Search
Thursday 17 January 2019
  • :
  • :

Give hope to young African citizens: Ibrahim index of African governance

The year 2018 is fast coming to an end. It is time to look back and assess whether Africa made some progress in creating sustainable economic opportunities for its citizens.
The Mo Ibrahim Foundation launched its 2018 Ibrahim Index of African Governance on 29 October 2018. The Index illustrated that there has “… virtually no progress in creating Sustainable Economic Opportunities” to meet the needs and expectations of the growing youthful African population.
Though African Gross Domestic Product grew in some countries, overall African leadership failed to translate this growth into improved and sustainable economic opportunities which should enable citizens to pursue their economic goals and prosper.
The Index further recorded declining business environment.
Declining business environment translates into job losses while the population of working age was increasing. African countries have not been able to create the conditions for the socio-economic integration of youth.
In addition, the Index recorded that African Education Systems were not meeting the needs of African economies. The Index demonstrated that the Education score for 27 countries deteriorated in the last five years affecting more than half of Africa’s population.
In respect to Progress in Participation and Human Rights, the Index recorded that citizen’s political and civic space in Africa is shrinking. The Index highlighted that citizen’s rights and welfare are key to progress in public governance.
The Index report concluded that Africa has a huge challenge of translating its large and youthful workforce in to an economic dividend. The Mo Ibrahim Index of Governance appealed to African leaders to give hope, prospects and opportunity to African youth. One hopes that African leaders will make the plight of African youth their key New Year resolution.
Furthermore. The Global Competitiveness Report 2017-2018 highlighted the fact that many African countries are not growing their economies in order to provide jobs to their citizens and improve their well-being. According to the Global Competitiveness Report many African countries lack the set of institutions, policies and factors that determine the level of productivity of a country.
These include the basic requirements such as institutions of governance, infrastructure, macro-economic environment, health and education. In addition, many an African country has not acquired efficiency enhancers, such as functioning markets, effective higher education and training as well as technological readiness.
Africa is not investing in research and innovation. The Continent is not preparing its economy and people to take advantage of new technologies in order to enhance its productivity and competitiveness.
Namibia was ranked 90 out of 137 countries. It shared a score of 4.0 out 10 scores with Kenya. Most of Sub- Saharan countries featured on the bottom with score of less than 2.0, sharing the same competitiveness score with Yemen. African leadership has a big challenge of addressing the economic growth and the well-being of their citizens. Sloganeering is not the answer. Setting achievable goals shall help Africa to be productive and competitive.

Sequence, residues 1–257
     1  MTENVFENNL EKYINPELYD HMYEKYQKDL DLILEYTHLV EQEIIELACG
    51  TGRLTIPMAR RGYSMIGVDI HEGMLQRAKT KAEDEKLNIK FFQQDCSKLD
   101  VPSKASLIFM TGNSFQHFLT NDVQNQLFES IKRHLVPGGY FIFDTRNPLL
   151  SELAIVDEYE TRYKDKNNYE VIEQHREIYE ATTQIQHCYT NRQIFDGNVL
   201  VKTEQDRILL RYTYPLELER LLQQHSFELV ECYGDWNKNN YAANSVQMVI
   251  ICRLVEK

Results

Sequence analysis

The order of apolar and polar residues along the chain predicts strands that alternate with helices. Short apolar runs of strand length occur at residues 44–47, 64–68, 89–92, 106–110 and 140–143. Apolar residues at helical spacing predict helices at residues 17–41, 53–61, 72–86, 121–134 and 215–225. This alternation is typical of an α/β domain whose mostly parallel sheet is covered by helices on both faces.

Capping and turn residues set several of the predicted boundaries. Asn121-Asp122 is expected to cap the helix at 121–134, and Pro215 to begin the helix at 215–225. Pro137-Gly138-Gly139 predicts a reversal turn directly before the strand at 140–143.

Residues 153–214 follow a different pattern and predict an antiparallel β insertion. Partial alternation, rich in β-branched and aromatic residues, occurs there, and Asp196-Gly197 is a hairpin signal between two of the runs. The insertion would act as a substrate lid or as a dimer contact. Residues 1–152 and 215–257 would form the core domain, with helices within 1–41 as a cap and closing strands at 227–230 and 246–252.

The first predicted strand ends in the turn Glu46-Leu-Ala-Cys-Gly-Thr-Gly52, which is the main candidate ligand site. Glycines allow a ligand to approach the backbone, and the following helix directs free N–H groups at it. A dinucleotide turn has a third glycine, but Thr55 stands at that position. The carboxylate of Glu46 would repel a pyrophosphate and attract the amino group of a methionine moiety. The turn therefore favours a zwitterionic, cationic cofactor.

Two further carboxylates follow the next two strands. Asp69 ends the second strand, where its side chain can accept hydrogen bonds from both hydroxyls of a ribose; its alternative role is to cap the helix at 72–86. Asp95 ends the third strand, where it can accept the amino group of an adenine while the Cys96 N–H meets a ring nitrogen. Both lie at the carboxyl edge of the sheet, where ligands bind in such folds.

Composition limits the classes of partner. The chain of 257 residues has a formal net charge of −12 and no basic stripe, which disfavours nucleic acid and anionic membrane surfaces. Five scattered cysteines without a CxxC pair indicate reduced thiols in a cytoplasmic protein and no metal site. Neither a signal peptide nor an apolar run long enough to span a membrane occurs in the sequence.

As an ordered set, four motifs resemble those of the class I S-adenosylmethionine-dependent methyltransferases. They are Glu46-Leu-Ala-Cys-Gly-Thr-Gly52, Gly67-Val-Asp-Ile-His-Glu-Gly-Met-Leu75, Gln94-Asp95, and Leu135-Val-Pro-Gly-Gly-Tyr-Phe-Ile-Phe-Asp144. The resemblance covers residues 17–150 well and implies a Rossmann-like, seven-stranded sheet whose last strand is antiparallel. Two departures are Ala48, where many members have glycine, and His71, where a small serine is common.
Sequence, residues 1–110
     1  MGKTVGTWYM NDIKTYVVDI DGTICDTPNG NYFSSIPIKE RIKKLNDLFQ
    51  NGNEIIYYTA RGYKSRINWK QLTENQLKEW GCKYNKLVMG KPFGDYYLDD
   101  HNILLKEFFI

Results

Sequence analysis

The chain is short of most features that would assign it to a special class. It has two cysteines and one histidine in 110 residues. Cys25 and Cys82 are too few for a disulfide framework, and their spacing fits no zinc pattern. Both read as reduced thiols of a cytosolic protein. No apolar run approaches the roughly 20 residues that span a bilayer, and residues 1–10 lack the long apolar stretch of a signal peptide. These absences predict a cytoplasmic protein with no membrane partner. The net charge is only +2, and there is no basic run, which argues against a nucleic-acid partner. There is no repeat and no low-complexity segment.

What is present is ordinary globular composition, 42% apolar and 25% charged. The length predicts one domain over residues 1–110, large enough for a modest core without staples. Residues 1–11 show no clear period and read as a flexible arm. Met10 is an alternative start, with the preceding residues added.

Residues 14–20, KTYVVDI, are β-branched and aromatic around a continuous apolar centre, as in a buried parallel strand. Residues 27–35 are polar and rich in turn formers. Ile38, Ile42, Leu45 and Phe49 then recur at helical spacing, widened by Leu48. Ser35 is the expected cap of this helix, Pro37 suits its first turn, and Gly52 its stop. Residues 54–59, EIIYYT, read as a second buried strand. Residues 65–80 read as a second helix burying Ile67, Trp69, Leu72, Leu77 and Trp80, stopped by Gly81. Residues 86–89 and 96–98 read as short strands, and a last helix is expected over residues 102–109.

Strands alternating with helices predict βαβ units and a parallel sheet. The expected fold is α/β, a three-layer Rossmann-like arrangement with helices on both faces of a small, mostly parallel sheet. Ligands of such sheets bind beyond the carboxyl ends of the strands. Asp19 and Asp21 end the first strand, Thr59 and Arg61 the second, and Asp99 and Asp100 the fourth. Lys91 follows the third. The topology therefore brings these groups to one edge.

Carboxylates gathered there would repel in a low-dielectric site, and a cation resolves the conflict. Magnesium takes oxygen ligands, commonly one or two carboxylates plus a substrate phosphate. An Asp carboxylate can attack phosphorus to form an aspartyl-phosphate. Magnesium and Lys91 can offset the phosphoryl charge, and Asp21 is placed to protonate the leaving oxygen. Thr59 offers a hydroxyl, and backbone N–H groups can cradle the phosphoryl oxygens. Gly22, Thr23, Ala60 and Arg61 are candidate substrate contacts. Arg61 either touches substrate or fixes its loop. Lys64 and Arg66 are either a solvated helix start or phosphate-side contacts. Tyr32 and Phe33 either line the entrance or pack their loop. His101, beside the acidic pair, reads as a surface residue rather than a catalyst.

Africa must address fundamental challenges such the “…ease of doing business” in African countries. The Ease of Doing Business Report 2018 ranked Namibia at 107 out of 190 countries.
The Ease of Doing Business Report of the World Bank measures how the regulatory environment is conducive to business, the protection of property right and similar variables. If a country like Namibia wants to attract foreign direct investment it should seriously address the bottlenecks in business environment. For example, Namibia needs to encourage investment in rural and communal areas.

The bureaucracy in getting land in communal areas is such that a potential investor will be discouraged. In order to acquire a piece of land in communal areas one has to secure a permit to occupy from a village headperson, a confirmation from a Traditional Authority and a leasehold from the concerned Land Board.

Since meetings of Land Boards are sponsored by the Ministry of Land Reform, Land Board meetings rarely take place.     In addition, the Ministry of Land Reform imposes a Levy which increases every year by 2 percent.
Yet investments in rural communal areas is needed to bring services and jobs in our villages. The rural -urban migration which is responsible for uncontrolled informal and squatter settlements in peri-urban areas is a consequence of luck of opportunities in rural areas. One would have expected Government to create incentives for people to invest in rural communal areas.
The Ibrahim Index of African Governance, the Global Competitiveness Report and the Ease of Doing Business Score card are pointers which should help African policy makers adopt policies which will help Africa to address the aspirations of the African youth. I would urge African leaders to declare year 2019 as the year of African youth.

Africa should give hope to its youth!




Leave a Reply

Your email address will not be published. Required fields are marked *